I’m also babysitting (parenting) the kids while working on the deep bilges because they don’t go back to school for several more days.  So I’m knocking out this post on my lunch break (kids eat all the time and MUST be fed) and hopefully by the end of the day I’ll have working bilge pumps with working float switches and new hoses too?  We’ll see.  If not, it’s my priority project tomorrow and the curtains get to wait.

Happy New Year and a quick hello to all the new folks who are following our little blog. Baja Ha-Ha leaves in October….are you in ?

A family heirloom- Saving “Wallys” Anchor

How the heck is a famous American Astronaut tied to the LF2SF crew?   (more…)

Are readers fickle?

I do watch my blog stats!  I admit it.  As a writer of a blog in a niche area with a potentially limited audience, I wonder if this limits me.  Then I remember I don’t really care because the readers that I do have on a regular basis are awesome folks who actually engage…a lot.  I read about the blogging ups and downs of mega-bloggers like a opinionated man (Harsh Reality) who have some of the same challenges that I do on my tiny niche blog.  I also know this blog wasn’t started (like some other blogs I know) for me or my family, it’s truly meant to be a resource for folks if possible.  But back to the question in the title: Are my readers fickle or are they just busy and overloaded with information?  Even though we may follow a blog, I would venture to say we don’t always read it or even click on it some or most of the time.  Reading all the blogs I follow would be a royal pain in the ass, especially as some of those bloggers post 5-8 times per day.  I think I’m right….readers don’t always read our blogs even though they follow them; and THAT’s OK.  I appreciate anyone who follows, reads, glances at or comments on my blog at all.  It’s royally cool to have followers who comment back and I appreciate it.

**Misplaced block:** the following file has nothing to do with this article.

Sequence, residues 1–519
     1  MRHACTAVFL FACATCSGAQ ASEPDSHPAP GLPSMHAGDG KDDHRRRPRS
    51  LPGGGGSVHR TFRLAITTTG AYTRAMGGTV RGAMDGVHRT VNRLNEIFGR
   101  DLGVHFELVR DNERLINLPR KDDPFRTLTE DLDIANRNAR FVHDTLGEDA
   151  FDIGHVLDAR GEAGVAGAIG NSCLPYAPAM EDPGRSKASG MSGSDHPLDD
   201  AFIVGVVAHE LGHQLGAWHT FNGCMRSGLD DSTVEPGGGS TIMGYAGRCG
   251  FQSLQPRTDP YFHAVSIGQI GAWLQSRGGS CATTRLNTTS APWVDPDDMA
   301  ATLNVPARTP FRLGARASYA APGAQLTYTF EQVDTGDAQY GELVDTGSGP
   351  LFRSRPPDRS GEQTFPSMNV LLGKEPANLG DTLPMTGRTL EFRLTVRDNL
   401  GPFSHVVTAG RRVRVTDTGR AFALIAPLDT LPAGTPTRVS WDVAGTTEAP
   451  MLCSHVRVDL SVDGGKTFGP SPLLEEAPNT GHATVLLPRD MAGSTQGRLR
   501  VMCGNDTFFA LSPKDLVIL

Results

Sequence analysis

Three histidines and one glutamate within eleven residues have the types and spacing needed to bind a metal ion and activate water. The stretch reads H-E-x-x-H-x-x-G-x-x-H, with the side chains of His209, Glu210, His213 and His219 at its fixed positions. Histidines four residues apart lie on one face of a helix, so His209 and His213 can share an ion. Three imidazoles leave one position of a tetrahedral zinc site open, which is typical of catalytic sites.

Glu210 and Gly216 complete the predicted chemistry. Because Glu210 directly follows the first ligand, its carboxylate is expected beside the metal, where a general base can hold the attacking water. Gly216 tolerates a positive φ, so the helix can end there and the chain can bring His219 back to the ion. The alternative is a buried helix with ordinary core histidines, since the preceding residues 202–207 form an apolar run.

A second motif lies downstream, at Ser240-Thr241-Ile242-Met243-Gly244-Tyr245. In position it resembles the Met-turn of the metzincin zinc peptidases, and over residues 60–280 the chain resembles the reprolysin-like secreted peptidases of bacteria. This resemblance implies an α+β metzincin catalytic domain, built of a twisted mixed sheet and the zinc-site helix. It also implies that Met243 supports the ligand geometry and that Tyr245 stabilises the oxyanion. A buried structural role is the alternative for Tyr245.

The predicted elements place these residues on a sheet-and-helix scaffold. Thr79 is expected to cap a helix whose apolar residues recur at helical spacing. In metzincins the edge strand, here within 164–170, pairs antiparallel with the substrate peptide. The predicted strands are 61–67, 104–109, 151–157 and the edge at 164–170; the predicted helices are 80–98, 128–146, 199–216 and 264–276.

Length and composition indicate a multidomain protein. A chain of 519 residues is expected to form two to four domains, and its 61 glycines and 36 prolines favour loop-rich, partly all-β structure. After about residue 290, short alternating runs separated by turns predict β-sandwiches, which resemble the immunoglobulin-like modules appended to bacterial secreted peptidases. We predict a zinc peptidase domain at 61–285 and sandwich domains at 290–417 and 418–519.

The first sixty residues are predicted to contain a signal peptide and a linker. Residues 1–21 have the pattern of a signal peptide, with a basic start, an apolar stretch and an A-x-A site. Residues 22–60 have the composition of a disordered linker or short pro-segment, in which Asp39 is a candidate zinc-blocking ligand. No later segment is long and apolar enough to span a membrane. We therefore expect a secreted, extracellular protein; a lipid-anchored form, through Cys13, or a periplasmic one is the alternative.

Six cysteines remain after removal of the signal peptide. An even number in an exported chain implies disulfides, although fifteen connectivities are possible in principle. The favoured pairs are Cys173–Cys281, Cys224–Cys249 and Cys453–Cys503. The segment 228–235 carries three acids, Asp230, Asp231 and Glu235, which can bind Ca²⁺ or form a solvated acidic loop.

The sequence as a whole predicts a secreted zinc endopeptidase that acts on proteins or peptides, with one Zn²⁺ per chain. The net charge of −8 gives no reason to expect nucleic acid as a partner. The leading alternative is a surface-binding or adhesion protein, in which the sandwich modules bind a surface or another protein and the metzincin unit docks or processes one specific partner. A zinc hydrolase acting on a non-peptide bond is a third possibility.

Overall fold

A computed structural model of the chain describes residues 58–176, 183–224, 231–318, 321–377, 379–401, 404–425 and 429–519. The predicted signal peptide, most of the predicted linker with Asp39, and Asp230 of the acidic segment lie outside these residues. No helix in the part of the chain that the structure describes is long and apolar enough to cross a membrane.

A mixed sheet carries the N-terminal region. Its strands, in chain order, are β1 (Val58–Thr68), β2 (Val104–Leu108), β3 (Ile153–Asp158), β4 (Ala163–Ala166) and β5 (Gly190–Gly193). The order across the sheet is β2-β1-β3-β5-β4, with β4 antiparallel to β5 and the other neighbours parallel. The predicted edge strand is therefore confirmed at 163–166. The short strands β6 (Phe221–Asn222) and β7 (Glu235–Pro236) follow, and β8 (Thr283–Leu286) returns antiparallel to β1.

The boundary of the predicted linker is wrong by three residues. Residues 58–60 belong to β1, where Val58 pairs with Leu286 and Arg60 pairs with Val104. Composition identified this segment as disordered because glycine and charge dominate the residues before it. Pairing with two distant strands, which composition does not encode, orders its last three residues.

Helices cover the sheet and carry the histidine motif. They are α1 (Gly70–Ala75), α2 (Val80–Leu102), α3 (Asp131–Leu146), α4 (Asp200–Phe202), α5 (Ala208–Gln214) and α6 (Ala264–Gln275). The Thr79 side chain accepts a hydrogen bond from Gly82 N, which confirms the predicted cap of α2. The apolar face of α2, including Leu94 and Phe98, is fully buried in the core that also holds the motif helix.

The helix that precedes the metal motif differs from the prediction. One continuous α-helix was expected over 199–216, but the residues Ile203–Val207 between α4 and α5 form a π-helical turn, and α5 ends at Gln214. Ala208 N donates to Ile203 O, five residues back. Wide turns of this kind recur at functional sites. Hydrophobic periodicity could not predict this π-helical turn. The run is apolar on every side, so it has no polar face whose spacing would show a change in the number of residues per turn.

Bad Blogger!

I try to do a Mon/Weds/Fri posting schedule and facilitate Quincy the Boat Dog’s Posts on Sunday.  It’s been a hectic week, so I missed my post yesterday, wanted to do it today but missed it again.  I will be back on my schedule tomorrow.  Remember I live on a boat with two small children, a Great Dane and LOTS of boat projects….but I love writing on the website and have more ideas than time.  And…it rained for three days in San Diego which is really rare and generally sucks.  The rain got  to us all, delaying all my projects.  I’m working on making dinghy chaps and curtains right now…it’s a slow process.